Klein Tools are known for their durability, ergonomics, and robustness. In fact, when you reach for a pair of Kleins, it’s a good thing if you have the name brand, but if you don’t – the company has so infiltrated the market that the entire genre of lineman’s pliers has been renamed to “Kleins” by most professionals and tradesmen. We’re not sure how the company feels about that, but it’s certainly a compliment by anybody who’s not a lawyer or trademark protector by trade. We ventured out and grabbed a High Strength 240 ft. Klein stainless steel fish tape when rewiring electrical for a house that we undertook on a 1920’s Colonial Style home. This home presented a tremendous amount of challenges to us for pulling wire from the crawl space to the second-story attic.
Klein Stainless Steel Fish Tape Features
The high strength 240 ft. Klein Tools stainless steel fish tape is the kind of product that will offer a lot of solutions to a challenging series of tasks. This particular fish tape had a number of features that we liked right off the bat:
- Laser etched 1′ measurement markings for verifying conduit depth
- Durable plastic case and handle
- Raised finger grips
- Smooth, consistent, and comfortable winding and rewinding
- Corrosion-resistant stainless steel fish tape
Taking a close look at the Klein stainless steel fish tape, we liked the way the handle raked back and gave a solid grip for both extending the wire and also reeling it back in. The tape remained smooth, even when over 50 feet of wire had been reeled out. Reeling the wire in and extending it out was a very natural thing – and you don’t feel as if the tape is fighting you, but rather that it is designed to allow you to accomplish your task unimpeded.
We also made good use of the laser-etched markings on the stainless steel 1/8-inch wide tape to gauge our depth within the wall cavities we were pulling through. We liked the balance between readability (once you knew where to look) and the fact that Klein maintained the strength of the tape. Had they imprinted the length markings deeper, for example, they would have created a weak point or snap point for the tape to break. They didn’t, and so the tape retains an incredibly high tensile strength that can pull very hard indeed on a bundle of 12/2 or 12/3 wire (we used it to pull up to 10/3 cable, in fact, as well as three 12/2 cables simultaneously).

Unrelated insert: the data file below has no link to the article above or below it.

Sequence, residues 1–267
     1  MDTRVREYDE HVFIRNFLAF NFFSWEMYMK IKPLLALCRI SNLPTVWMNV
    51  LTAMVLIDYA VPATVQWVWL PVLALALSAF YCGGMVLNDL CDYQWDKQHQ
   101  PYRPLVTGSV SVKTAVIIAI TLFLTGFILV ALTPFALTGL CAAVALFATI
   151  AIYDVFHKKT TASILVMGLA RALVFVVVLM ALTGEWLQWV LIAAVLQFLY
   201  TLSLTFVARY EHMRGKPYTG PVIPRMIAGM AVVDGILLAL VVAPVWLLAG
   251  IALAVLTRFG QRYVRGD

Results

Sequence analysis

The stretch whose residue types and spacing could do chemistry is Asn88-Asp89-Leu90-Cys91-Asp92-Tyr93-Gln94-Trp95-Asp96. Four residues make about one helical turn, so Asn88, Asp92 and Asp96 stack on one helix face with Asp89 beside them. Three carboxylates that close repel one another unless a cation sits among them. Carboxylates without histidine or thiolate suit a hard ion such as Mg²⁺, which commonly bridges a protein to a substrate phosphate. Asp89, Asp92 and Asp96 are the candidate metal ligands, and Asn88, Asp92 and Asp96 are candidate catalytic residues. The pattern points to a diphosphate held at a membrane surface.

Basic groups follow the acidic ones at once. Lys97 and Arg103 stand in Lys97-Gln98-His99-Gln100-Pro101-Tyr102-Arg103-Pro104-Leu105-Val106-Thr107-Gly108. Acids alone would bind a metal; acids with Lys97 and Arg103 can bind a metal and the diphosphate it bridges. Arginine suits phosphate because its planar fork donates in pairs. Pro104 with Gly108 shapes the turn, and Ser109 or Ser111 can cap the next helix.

And pulling on this stainless tape was extremely confidence-inspiring. It was a rare thing not to be able to punch this tape through an area – even when it had debris from the plaster and lathe walls. So whether pulling or pushing, we found the stiffness of the wire to be more than adequate and easy to work with.
We’re used to the ends of our fish tape breaking off, in fact, it seems to be a part of life, but the Klein stainless steel fish tape never gave us the chance to re-bend the tip. It just kept working. In either case, the markings are nice in that even when you lose distance on the fish tape, you can still take depth readings and do the math to get you in the right place. It’s a great design.
This is a simple, but necessary tool – and one that you’re going to be able to use for a long, long time. The stainless steel construction and attention to detail make it live up to Klein’s reputation for building dependable products. And it’s a no-brainer for the professional electrician or other tradesmen who want to buy a fish tape once and use it virtually forever. Compared to the other models on the market, Klein also keeps itself very competitive in terms of price. If you need a good fish tape, consider picking up this one, you won’t regret it.